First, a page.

You might be familiar with the book 1,000 Gifts by Ann Voskamp. In it she quotes:
“…but to give thanks is an action and rejoice is a verb and these are not mere pulsing emotions. While I may not always feel joy, God asks me to give thanks in all things, because He knows that the feeling of joy begins in the action of thanksgiving.”

Remember that comparison is the thief of joy. I believe thanksgiving can overcome the thief.

And finally, if you're the God-seeking type, what comparison does to your relationship with the Lord.

I mentioned comparison had been plaguing me for months. Here's a journal entry from May 30th, 2013.

I went for a run last night. It was nearly 9 o'clock and I was sleepy but I needed to move my body and release some tension. I spent the first part of my run praying and confessing- just seeking God. As I was confessing my struggles with comparison, jealously, etc over other people's lives I realized that it's more than comparing-it's idolatry. So often I can look at other and think they are perfect or lead a perfect life. Obviously, deep down I know there is no such thing as perfection in us humans, but sometimes I can believe that lie. Truth is, there is only one who is perfect and it is the Lord Jesus. How dare I.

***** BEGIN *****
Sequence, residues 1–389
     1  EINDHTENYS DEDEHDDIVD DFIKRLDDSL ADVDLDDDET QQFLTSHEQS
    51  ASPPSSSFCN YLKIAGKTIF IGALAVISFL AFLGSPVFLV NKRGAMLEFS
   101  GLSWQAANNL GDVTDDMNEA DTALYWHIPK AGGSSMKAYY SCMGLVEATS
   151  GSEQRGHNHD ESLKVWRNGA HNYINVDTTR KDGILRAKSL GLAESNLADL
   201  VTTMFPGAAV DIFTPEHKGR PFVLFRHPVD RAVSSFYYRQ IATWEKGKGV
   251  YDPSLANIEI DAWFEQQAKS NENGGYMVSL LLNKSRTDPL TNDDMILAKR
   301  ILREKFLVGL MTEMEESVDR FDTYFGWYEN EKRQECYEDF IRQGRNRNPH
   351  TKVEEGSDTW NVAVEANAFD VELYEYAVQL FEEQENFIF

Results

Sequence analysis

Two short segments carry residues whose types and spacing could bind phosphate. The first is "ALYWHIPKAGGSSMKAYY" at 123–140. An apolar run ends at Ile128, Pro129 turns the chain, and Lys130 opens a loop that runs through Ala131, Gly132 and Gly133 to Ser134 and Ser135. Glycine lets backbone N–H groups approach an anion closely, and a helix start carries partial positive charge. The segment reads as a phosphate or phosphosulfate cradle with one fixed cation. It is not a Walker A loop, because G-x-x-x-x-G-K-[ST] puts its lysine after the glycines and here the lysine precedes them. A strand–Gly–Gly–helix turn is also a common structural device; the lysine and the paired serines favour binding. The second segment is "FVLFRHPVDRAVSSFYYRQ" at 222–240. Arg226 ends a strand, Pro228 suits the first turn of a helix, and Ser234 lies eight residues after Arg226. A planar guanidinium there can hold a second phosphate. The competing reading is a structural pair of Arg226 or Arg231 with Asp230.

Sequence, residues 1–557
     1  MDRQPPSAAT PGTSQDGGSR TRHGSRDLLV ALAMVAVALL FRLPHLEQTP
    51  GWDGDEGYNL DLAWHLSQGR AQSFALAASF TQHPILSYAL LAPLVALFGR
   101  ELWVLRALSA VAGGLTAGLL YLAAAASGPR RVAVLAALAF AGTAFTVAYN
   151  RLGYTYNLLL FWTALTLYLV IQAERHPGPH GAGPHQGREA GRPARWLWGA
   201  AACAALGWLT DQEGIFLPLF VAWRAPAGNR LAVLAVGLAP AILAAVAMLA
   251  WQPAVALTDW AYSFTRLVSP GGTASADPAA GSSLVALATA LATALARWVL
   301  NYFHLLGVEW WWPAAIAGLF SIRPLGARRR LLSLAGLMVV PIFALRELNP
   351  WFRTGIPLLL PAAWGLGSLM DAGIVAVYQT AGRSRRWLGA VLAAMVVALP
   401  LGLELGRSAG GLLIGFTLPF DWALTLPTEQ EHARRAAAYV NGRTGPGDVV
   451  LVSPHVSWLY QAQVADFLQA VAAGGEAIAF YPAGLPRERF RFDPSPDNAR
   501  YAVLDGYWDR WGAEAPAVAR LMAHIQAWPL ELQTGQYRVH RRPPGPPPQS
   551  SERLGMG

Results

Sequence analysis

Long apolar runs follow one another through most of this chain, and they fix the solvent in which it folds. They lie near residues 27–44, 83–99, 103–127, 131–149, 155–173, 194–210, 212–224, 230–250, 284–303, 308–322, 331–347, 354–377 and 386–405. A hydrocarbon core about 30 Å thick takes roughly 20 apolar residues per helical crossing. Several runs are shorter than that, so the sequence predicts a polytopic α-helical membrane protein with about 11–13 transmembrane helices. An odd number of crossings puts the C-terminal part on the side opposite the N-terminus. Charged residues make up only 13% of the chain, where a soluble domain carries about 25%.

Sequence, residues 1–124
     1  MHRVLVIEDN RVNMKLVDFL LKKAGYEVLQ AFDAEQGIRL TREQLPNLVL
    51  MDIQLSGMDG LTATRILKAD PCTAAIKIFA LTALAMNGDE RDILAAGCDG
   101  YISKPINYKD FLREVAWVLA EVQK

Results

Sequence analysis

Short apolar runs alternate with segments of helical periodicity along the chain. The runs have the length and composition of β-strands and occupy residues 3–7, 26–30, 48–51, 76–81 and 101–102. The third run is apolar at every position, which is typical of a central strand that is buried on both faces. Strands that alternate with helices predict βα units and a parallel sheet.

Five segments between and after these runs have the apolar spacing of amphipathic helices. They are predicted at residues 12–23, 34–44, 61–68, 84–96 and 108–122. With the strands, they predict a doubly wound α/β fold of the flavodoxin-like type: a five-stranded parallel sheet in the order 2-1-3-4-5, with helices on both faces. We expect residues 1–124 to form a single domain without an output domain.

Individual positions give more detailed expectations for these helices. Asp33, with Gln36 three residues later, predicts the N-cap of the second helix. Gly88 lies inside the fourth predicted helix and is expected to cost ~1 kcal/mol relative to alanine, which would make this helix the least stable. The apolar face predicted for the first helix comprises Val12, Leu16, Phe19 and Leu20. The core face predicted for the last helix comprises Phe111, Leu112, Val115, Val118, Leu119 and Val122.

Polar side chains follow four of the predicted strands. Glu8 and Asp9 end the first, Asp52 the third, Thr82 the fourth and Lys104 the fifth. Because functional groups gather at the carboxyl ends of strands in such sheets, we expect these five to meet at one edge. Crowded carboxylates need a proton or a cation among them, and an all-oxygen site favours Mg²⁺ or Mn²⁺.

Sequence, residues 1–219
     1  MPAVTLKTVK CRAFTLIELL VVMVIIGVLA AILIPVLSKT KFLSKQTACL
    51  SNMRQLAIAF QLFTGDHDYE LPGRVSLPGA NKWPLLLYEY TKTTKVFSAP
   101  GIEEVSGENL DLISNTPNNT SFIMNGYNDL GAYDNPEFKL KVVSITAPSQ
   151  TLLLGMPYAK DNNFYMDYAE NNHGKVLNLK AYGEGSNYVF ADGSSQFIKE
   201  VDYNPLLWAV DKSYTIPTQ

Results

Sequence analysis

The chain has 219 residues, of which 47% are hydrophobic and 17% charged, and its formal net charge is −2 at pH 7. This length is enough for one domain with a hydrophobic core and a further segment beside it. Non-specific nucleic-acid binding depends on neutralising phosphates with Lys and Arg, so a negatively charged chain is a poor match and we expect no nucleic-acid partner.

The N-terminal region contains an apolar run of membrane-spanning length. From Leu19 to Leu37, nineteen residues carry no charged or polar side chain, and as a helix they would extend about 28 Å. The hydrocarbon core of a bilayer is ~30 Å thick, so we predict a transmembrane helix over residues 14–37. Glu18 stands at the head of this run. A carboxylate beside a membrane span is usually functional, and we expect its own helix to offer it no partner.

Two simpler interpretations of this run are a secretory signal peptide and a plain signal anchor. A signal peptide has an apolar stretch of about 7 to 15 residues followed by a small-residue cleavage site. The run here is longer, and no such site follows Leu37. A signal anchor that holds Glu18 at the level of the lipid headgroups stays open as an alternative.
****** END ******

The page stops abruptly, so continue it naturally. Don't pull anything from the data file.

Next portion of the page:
That is when I realized not only was I comparing, I was idolizing people instead of God. There is no one that we need to hold ourselves up to except for Jesus. HE is the one we need to idolize.

I think comparison also shows my distrust of the Lord. It's like I don't trust that He's already given me what is best for me. And it's a downward spiral from there...

On the bright side, in the midst of this struggle I’ve felt the urgency of remaining rooted in God’s word. It's the only thing that keeps me sane. I don't necessarily have a revelation or an "a-ha!" moment each time I read the Bible. But I do trust the words in Isaiah 55:

10 As the rain and the snow come down from heaven,
and do not return to it
 without watering the earth and making it bud and flourish,
so that it yields seed for the sower and bread for the eater, 11 so is my word that goes out from my mouth:
It will not return to me empty,
but will accomplish what I desire
and achieve the purpose for which I sent it.

Comparison is messy. Ugly. Shallow. A thief. 

I don't know of any cures or solutions. No doctor's order here... Gimme a shout if you have a miracle drug.

For now, I have this:

So since we find ourselves fashioned into all these excellently formed and marvelously functioning parts in Christ’s body, let’s just go ahead and be what we were made to be, without enviously or pridefully comparing ourselves with each other, or trying to be something we aren’t.  Romans 12:5-6 The Message

1 comment:

Laura said...

Such important truths, beautifully said. I know I'll be thinking about this.